The 35th overall pick in the 2007 draft, Burke never got untracked in the Padres system after signing for $950,000. He batted just .210 with two homers in 107 games, and San Diego soured on him enough that it included him in a June trade for the embattled Michael Barrett. Burke got off to a less than auspicious start with the Cubs, going 0-for-22 at short-season Boise before recovering to hit .282/.361/.495 for the remainder of the summer. The key to his resurgence was getting more aggressive at the plate. Burke has a sound knowledge of the strike zone and good patience, but he would get too passive at times, taking strikes down the middle and then chasing offspeed pitches once he fell behind in the count. Athletic and strong, he should develop at least 20-homer power, though he needs to make contact and use the whole field more often. Burke has slightly below-average speed but is better once he gets underway. He's a solid right fielder with the best arm strength among the system's outfielders. He built on his progress in Hawaii Winter Baseball, where he hit .333 but also struck out 37 times in 87 at-bats. He's ready to give the low Class A Midwest League another shot in 2008, this time at Peoria.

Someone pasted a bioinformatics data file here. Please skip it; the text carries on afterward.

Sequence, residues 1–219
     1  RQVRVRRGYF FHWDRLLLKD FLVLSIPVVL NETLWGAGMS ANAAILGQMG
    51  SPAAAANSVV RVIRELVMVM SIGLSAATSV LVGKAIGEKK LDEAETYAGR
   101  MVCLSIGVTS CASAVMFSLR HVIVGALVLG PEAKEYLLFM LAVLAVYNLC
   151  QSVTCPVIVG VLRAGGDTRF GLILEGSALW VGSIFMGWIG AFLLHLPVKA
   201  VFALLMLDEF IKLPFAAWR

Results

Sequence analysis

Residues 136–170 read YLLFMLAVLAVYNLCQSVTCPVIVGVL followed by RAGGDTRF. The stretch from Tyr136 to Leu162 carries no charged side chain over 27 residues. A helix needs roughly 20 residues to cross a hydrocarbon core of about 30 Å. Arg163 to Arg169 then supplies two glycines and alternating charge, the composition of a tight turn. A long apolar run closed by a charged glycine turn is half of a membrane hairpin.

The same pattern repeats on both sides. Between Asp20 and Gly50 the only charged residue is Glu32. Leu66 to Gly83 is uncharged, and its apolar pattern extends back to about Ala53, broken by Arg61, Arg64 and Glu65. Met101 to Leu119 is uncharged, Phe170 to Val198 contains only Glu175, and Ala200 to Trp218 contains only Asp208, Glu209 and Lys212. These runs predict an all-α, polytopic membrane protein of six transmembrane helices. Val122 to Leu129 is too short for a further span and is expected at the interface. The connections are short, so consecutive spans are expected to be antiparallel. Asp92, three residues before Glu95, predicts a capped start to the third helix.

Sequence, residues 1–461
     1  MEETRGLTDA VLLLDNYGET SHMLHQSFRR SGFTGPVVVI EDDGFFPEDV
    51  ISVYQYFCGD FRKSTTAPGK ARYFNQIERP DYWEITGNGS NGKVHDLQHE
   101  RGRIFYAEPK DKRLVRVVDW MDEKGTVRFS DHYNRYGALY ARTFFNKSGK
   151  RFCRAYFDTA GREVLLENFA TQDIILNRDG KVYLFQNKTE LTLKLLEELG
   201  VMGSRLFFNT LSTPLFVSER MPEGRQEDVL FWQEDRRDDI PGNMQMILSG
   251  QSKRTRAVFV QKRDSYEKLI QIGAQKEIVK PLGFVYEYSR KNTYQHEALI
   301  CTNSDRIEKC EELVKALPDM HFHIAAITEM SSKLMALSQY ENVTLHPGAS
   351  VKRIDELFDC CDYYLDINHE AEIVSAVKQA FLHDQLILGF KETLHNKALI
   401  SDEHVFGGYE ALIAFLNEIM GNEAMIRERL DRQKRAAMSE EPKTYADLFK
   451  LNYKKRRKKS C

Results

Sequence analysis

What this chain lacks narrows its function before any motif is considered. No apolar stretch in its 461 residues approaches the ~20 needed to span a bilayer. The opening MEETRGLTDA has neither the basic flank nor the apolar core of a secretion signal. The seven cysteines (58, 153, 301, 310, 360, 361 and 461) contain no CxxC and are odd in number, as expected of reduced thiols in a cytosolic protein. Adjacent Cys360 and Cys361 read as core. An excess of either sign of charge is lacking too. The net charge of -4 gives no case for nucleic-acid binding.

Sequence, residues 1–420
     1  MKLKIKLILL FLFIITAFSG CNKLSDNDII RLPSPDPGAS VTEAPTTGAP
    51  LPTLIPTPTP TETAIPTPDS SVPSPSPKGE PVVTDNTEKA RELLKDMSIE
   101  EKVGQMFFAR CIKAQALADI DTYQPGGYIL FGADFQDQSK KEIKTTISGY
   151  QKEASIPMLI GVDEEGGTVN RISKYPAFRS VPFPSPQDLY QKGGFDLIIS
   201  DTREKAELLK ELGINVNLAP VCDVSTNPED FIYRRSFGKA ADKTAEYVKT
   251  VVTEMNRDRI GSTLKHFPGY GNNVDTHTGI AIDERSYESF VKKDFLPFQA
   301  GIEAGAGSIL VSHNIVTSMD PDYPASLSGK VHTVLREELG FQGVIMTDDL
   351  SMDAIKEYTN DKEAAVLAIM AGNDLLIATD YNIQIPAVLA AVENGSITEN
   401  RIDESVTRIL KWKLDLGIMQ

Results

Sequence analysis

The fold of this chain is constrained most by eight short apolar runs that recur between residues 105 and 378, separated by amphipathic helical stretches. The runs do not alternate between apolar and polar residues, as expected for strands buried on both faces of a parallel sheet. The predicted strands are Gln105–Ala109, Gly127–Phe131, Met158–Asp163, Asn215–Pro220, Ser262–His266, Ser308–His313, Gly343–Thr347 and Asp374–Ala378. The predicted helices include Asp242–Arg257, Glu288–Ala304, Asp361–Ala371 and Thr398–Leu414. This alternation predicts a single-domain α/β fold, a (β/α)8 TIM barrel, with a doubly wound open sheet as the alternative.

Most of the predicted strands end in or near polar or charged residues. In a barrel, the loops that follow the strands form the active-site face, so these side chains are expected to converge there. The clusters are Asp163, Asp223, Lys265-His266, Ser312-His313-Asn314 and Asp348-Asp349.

Huseby landed the most stunning bonus in the 2006 draft, signing for an 11th-round-record $1.3 million after barely pitching as a high school senior. He had pitched for Team USA's youth team and was laying the groundwork for being an early-round pick before he needed Tommy John surgery in the spring of 2005. Though he didn't pitch much between then and the draft, the Cubs monitored him closely and saw enough in a workout to make a seven-figure investment. Though Huseby pitched at 86-90 mph for much of 2007, Chicago doesn't regret that decision. He's still ultra projectable at 6-foot-7 and 215 pounds. He throws his hard-breaking curveball at 78-80 mph, an indication that he has plenty of arm speed and that more fastball velocity should be in his future. His delivery is sound and he uses his big frame to pitch downhill. Because he barely pitched in 2005 and 2006, Huseby is less experienced than most 20-year-olds and still has much improvement to make with his changeup, control and command. He spent most of the summer shooting for strikeouts--and falling behind in counts--but did a better job of pitching to contact during instructional league. The Cubs believe he could be poised for a breakout this year in low Class A.